David Barmby for Arts Hub
his latest recording project from the Australian Haydn Ensemble and fortepianist Neal Peres da Costa of chamber arrangements of Beethoven’s Piano Concertos Nos 1 and 3 provides us with a genuine cause for celebration. Peres da Costa’s last recording with Ironwood creatively explored the performance practice of late-Romantic chamber repertoire through the chamber music of Johannes Brahms. His research program at the University of Sydney continues, here shared with the stylish young Sydney-based Australian Haydn Ensemble playing chamber arrangements of these two popular concertos on 18th-century instruments. Both works were composed in Vienna as the German newcomer from Bonn was beginning to establish his reputation as a composer and pianist of star quality in Europe’s cultural capital. MREC Latest News
These effective and elegant arrangements of the orchestration for a string sextet and a single flute are by Vi King Lim, based on two early 19th-century publications by two London-dwelling Italians, Giambattista Cimador and Girolamo Masi. In the hands of this octet of fine musicians, they convincingly argue a connection and yet a marked difference between Beethoven and his teacher Franz Joseph Haydn, particularly in the first less radical Concerto. The cadenza of the Piano Concerto No 1 is composed by the soloist himself, while the usual Beethoven cadenza is used for the 3rd Concerto, although it sounds quite different on this historic instrument.
The beautiful fortepiano is by the Czech Republic-based American Paul McNulty after an instrument by Conrad Graf (c1819) whose instruments Beethoven held in the highest esteem. Given the many possible adjustments of voice by means of its innovative technology, the sound of this instrument is especially pleasing, warm in the bass and delicate in the treble.
Neal Peres da Costa describes his exploration of the instrument as follows:
‘The ethereal (gossamer) sound is created using the una chorda shift pedal which shifts the hammers down to one string from three (tre corde) – a proper una chorda shift. Una corda shift pedals were available on Viennese pianos increasingly in the first decade of the 19th century. Beethoven’s Graf Viennese-action grand piano (on loan to him from Graf in 1826) had a damper pedal, una corda shift pedal and moderator pedals. On our recording I use the una corda whenever the music is incredibly soft and special in harmonic quality. But I also use the moderator pedal (which is effected by a piece of velvet coming between the hammers and strings) to mute the sound whenever the marking is dolce or the feeling of the music is of a dolce character. Sometimes I use it when the marking is pp. There are choices to be made here depending on character, whether the passage is solo or being accompanied and so on. But certainly the una corda produces an ‘other-worldly’ effect while the moderator produces sweetness.’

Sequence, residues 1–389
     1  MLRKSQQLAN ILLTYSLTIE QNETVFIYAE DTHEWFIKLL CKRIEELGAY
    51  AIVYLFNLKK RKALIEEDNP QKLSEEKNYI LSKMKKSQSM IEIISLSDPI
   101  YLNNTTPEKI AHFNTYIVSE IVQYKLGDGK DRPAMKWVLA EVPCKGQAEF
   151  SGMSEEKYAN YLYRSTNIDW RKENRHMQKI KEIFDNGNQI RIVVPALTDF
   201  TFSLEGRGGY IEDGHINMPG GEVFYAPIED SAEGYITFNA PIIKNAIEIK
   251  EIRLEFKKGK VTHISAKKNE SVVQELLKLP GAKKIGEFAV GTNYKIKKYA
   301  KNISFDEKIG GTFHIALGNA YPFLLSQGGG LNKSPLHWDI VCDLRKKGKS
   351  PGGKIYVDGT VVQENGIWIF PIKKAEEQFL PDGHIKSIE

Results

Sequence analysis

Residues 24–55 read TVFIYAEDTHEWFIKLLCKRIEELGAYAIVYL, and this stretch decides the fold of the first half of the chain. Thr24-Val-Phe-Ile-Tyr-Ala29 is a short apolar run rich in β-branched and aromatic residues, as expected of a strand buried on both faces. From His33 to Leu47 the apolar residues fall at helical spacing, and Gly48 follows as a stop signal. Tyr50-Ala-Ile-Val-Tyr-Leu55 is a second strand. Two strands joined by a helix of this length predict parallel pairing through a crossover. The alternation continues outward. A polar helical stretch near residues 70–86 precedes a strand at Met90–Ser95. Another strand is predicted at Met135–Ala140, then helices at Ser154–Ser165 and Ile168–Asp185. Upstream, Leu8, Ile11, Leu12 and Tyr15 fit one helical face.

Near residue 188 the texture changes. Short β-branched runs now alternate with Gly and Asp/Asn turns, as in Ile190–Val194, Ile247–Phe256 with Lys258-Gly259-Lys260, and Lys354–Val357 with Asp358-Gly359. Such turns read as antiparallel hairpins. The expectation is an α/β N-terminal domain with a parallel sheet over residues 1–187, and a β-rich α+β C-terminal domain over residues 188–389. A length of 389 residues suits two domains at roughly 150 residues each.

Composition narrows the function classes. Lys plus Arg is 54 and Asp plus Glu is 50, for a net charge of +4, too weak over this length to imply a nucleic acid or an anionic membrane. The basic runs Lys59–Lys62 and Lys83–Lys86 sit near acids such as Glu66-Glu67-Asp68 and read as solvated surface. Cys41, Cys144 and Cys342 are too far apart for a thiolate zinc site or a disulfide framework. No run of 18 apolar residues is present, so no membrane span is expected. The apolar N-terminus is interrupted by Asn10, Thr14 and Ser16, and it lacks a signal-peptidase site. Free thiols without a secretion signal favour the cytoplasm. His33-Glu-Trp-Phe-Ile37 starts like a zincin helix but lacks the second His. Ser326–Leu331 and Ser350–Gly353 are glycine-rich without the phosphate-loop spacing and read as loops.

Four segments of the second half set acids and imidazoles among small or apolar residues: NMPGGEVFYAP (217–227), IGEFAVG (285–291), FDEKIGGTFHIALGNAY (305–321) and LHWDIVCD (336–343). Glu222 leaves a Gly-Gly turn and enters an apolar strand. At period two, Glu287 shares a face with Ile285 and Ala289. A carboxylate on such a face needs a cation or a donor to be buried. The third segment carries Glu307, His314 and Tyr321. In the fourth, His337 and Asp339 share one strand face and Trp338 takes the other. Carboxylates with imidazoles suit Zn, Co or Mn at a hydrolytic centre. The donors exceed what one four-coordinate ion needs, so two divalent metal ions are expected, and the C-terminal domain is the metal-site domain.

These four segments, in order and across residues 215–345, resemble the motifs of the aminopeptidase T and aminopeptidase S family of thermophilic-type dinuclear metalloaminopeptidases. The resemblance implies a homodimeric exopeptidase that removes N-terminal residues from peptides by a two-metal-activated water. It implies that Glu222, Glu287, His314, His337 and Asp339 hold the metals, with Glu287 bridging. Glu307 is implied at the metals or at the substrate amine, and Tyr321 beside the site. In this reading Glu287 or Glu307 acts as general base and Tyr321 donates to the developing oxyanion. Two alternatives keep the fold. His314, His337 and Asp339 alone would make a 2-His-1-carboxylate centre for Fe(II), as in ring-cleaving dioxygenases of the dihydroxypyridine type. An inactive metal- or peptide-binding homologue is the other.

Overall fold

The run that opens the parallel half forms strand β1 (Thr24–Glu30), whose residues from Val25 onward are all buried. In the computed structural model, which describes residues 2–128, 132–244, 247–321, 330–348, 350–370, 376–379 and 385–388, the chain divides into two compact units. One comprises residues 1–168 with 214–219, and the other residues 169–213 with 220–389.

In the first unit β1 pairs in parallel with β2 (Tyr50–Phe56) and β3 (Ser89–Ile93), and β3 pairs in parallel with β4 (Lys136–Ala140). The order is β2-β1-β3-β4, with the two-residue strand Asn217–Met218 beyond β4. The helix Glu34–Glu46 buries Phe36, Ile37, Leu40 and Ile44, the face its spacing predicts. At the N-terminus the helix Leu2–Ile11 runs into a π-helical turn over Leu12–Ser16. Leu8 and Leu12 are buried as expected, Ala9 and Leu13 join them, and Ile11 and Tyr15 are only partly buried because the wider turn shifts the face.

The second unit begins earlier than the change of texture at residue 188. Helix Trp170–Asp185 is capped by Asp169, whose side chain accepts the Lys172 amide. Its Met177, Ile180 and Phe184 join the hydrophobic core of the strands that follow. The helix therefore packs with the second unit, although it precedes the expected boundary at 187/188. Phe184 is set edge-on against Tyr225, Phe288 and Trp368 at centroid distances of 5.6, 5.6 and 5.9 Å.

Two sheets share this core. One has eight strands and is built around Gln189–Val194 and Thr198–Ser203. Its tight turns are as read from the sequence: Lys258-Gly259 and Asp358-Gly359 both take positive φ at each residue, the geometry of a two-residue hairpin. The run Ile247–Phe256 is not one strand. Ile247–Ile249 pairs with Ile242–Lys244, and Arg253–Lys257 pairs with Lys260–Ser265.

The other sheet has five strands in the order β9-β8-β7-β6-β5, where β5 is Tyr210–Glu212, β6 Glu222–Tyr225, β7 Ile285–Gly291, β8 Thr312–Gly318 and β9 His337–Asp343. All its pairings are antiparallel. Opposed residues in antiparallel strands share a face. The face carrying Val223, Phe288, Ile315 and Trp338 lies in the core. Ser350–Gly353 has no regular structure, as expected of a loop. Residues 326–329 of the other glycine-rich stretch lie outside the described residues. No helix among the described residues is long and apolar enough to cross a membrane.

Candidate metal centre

Added to this we have an ensemble performance style that savours expressive portamento between notes (slides on strings as opposed to shifts), vibrato that is used only sparingly as an ornament, a legato bowing style using Classical bows, elasticity of phrasing and articulation, sometimes surprising tempo changes that delineate extreme mood changes, ornamental arpeggiation of the thematic material, as well as a technique called ‘dislocation’ whereby the melody is lyrically separated from the accompaniment.
Neal Peres da Costa goes on to argue in his excellent annotations that during the early 19th Century a routine performance of Beethoven strictly obeyed the markings on the score but that it was established custom for a virtuosic reading, like this one, to take well-judged liberties. This leads to a wonderful expressive buoyancy and playfulness, particularly in the Rondo, Allegro scherzando of the first Concerto. The touching, almost rapturous tenderness in the Largo movements of both works are other highlights.
Certainly, I have not heard these works sound fresher nor more engaging. This new recording is an outstanding achievement.